For the third year in a row, I’ve been honored to assist in analyzing the data from WholeFoods Magazine’s Retailer Survey, which starts on page 20, and this year is outstanding! We’ve had the largest response in 35 years of doing the survey, and the quality of stores is truly remarkable. With nearly one million square feet and $665 million in sales represented, the survey offers a comprehensive view of our dynamic industry, from the smallest supplements store to the largest fresh-foods supermarket.
While you can read the detail and analysis beginning on page 20, I want to highlight one aspect I hope will help you choose the right product mix and footprint for your store.
As before, we’ve organized the survey according product mix, with perishable foods—refrigerated, frozen, prepared and produce—being the primary distinguishing characteristic between stores. Whole Foods Market gets 70% of its sales from perishables. The typical supermarket gets 25–33%. Supplements stores, of course, are in the low single digits for perishables sales.
What we found in this year’s survey is stores that get a majority of sales from vitamins, with little or no perishables—on average 4%—do quite well. At the other end of the spectrum, stores with the full array of perishables—at least 29%—including fresh produce and kitchen, also drive significant sales and profits. It is the stores in between, those with 10–19% of sales from perishables, that don’t fare as well.
Typically, these stores do not have a kitchen, or only limited prepared foods. Also, these stores still get a large plurality of sales—45% on average—from supplements. The average footprint is 4,500 square feet, which appears to not be large enough to merchandise all the fresh-foods categories, including kitchen, but is fully 2,000 square feet larger than the average supplements store. Based on the survey, it takes at least 6,000 square feet to do a convincing job with all the perishables departments, including kitchen.
Three numbers in particular tell the story of the “in-between” store. First, profits are lower than either supplements stores or full-perishables stores, at 4.7% vs. 9.0% and 5.8%, respectively. In-betweeners also pay a premium for rent, at 7.3% of sales compared to a high of 5.45% for any of the other store-types. Finally, in-between stores appear to be understaffed, with just 2.7 full-time-equivalent employees per thousand square feet compared to 3.2 and 3.1 persons for smaller and larger stores, respectively.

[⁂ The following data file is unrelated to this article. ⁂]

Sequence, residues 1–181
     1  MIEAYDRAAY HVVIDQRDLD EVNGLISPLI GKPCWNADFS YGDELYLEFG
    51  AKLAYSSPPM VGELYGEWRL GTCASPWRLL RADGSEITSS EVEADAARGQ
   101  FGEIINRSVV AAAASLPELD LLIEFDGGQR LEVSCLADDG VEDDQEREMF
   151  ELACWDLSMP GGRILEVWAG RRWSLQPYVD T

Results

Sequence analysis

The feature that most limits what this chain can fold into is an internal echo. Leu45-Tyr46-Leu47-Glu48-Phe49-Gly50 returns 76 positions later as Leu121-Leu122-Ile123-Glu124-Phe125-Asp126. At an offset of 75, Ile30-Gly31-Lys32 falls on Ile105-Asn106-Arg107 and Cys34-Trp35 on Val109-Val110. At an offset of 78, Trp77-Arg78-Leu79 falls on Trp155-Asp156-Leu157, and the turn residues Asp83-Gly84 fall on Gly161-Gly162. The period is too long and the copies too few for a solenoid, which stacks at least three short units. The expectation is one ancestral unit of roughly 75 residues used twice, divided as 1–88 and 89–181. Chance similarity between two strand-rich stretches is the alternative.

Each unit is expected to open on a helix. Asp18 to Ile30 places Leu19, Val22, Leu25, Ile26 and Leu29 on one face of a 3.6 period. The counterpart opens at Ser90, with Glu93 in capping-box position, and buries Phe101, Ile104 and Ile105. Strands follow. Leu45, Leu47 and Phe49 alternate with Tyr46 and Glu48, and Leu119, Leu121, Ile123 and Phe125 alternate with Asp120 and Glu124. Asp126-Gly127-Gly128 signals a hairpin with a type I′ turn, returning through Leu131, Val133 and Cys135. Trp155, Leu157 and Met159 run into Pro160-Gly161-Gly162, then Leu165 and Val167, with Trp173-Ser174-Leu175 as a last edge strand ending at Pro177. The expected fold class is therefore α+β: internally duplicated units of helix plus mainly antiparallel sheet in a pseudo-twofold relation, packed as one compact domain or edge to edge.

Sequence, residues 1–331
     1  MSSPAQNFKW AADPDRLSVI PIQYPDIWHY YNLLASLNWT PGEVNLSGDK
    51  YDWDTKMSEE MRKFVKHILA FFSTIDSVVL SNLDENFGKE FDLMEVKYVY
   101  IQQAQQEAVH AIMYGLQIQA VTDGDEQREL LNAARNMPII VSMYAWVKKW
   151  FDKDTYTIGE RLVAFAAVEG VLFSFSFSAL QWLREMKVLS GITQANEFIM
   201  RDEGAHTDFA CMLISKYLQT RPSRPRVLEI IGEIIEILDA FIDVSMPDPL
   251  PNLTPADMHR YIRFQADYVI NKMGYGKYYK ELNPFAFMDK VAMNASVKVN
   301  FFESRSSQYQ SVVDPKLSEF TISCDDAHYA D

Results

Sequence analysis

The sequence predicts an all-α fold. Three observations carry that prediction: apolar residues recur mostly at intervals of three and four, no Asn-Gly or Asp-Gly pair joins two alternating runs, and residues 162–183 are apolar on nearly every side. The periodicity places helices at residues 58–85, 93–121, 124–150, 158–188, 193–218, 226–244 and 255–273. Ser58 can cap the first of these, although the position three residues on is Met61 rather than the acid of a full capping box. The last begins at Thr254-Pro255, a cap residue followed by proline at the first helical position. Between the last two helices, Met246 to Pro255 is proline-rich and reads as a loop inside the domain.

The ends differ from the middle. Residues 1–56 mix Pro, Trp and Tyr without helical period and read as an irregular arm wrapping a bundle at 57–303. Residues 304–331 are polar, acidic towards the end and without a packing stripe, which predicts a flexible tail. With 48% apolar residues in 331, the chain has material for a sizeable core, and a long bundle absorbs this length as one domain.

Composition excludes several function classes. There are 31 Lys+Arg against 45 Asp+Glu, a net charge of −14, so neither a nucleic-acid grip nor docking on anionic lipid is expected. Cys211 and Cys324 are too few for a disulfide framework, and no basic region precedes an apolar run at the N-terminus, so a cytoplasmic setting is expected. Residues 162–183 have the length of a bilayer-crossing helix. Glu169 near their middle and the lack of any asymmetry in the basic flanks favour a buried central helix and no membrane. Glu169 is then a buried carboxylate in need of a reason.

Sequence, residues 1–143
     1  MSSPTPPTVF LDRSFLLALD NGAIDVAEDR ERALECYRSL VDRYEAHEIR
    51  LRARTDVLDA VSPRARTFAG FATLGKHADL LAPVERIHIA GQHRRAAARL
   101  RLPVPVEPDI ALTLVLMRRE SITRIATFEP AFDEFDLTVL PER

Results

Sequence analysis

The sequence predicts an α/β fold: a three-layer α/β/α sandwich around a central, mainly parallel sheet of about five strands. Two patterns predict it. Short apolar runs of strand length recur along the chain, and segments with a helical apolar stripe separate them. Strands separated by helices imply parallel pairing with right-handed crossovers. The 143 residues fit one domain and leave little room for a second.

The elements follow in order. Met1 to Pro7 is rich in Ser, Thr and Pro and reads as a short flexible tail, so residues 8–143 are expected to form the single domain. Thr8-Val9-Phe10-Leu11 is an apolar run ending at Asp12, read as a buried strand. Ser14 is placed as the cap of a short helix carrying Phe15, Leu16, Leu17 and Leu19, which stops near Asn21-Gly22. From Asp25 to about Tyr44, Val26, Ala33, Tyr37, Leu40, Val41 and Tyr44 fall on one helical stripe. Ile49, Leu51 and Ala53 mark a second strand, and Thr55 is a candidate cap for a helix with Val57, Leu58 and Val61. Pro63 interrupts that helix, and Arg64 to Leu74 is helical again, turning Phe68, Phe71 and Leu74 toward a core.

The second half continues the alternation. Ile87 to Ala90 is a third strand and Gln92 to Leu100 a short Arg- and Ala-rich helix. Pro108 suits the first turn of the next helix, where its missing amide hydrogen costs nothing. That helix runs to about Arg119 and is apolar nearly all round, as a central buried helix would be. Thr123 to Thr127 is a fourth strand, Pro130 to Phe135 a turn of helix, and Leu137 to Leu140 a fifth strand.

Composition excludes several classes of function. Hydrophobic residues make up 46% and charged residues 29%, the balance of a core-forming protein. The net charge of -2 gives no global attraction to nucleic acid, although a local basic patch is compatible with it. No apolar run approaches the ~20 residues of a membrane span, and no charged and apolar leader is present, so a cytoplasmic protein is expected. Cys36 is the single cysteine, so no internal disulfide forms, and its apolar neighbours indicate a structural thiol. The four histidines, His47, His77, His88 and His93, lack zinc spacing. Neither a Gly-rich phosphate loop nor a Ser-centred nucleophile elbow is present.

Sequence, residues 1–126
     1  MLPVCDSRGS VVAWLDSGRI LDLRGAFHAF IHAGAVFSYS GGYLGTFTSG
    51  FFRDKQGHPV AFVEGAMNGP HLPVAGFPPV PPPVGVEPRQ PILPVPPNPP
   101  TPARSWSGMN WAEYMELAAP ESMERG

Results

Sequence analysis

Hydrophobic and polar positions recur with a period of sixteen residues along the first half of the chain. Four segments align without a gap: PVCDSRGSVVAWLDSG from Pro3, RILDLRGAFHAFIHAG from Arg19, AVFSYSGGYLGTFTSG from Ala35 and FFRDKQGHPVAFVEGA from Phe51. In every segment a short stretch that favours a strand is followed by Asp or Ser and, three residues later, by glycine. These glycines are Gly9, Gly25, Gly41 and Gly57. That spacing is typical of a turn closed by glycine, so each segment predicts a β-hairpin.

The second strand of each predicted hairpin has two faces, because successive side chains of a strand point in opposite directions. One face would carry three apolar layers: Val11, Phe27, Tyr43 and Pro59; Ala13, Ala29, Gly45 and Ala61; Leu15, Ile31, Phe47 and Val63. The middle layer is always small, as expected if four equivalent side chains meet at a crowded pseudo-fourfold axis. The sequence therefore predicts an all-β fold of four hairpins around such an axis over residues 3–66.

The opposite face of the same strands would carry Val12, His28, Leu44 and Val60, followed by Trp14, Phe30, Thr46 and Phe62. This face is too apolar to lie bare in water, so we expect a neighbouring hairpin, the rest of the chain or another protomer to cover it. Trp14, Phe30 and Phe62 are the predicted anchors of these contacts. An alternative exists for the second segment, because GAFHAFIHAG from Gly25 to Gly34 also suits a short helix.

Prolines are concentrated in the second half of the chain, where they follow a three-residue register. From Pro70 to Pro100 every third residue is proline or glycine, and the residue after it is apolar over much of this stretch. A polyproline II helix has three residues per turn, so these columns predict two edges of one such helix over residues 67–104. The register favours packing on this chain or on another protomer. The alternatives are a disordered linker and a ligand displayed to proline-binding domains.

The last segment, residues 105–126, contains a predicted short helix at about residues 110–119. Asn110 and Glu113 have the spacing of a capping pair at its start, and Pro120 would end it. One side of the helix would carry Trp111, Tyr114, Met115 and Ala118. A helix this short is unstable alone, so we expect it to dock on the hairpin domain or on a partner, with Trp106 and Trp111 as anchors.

Bottom line: if you’re thinking of going big, make it big enough to do it well. Otherwise, save yourself the money and the headache and keep your product mix simple, and your footprint compact.
I believe the WholeFoods Retailer Survey shines a bright light on critical variables you need to run your store efficiently, and hope you enjoy this year’s findings. Please give us your thoughts next year when we send out the survey questionnaire. The more the merrier! WF
Jay Jacobowitz is president and founder of Retail Insights®, a professional consulting service for natural products retailers established in 1998, and creator of Natural Insights for Well Being®, a comprehensive marketing service designed especially for independent natural products retailers. With 35 years of wholesale and retail industry experience, Jay has assisted in developing over 1,000 successful natural products retail stores in the U.S. and abroad. Jay is a popular author, educator, and speaker, and is the merchandising editor of WholeFoods Magazine, for which he writes Merchandising Insights and Tip of the Month. Jay also serves the Natural Products Association in several capacities. He can be reached at (800)328-0855 or via e-mail at email@example.com. Jay will be speaking at NPA SOHO in Orlando, FL, on Thursday, Dec. 6 at 7:00 p.m., where he will be leading a roundtable discussion about current retailing trends and independent retailer concerns. On Friday, Dec. 7 from 2:45 to 3:45 p.m., Jay will be on a panel discussing the benefits of branding your own store. Jay will be exhibiting at SOHO at booth #210.
Published in WholeFoods Magazine, December 2012